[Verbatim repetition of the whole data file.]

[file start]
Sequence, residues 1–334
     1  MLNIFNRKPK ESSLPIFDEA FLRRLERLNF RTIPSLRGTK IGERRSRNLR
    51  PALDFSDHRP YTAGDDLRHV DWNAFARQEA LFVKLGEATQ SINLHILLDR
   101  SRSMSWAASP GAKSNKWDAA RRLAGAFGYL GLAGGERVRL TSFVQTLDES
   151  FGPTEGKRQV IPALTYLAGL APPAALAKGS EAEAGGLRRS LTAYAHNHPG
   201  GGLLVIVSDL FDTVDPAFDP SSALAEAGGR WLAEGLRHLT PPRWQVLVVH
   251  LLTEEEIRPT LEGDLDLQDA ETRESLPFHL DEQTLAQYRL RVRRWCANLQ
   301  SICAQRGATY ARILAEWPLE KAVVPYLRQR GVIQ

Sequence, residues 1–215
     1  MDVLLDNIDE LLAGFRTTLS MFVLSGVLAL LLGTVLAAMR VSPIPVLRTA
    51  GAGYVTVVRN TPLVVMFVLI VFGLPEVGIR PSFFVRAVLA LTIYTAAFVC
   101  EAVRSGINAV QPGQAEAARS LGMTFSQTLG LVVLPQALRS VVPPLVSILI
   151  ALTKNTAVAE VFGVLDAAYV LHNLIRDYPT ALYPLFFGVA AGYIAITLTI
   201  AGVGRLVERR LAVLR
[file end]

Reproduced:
Sequence, residues 1–334
     1  MLNIFNRKPK ESSLPIFDEA FLRRLERLNF RTIPSLRGTK IGERRSRNLR
    51  PALDFSDHRP YTAGDDLRHV DWNAFARQEA LFVKLGEATQ SINLHILLDR
   101  SRSMSWAASP GAKSNKWDAA RRLAGAFGYL GLAGGERVRL TSFVQTLDES
   151  FGPTEGKRQV IPALTYLAGL APPAALAKGS EAEAGGLRRS LTAYAHNHPG
   201  GGLLVIVSDL FDTVDPAFDP SSALAEAGGR WLAEGLRHLT PPRWQVLVVH
   251  LLTEEEIRPT LEGDLDLQDA ETRESLPFHL DEQTLAQYRL RVRRWCANLQ
   301  SICAQRGATY ARILAEWPLE KAVVPYLRQR GVIQ

Sequence, residues 1–215
     1  MDVLLDNIDE LLAGFRTTLS MFVLSGVLAL LLGTVLAAMR VSPIPVLRTA
    51  GAGYVTVVRN TPLVVMFVLI VFGLPEVGIR PSFFVRAVLA LTIYTAAFVC
   101  EAVRSGINAV QPGQAEAARS LGMTFSQTLG LVVLPQALRS VVPPLVSILI
   151  ALTKNTAVAE VFGVLDAAYV LHNLIRDYPT ALYPLFFGVA AGYIAITLTI
   201  AGVGRLVERR LAVLR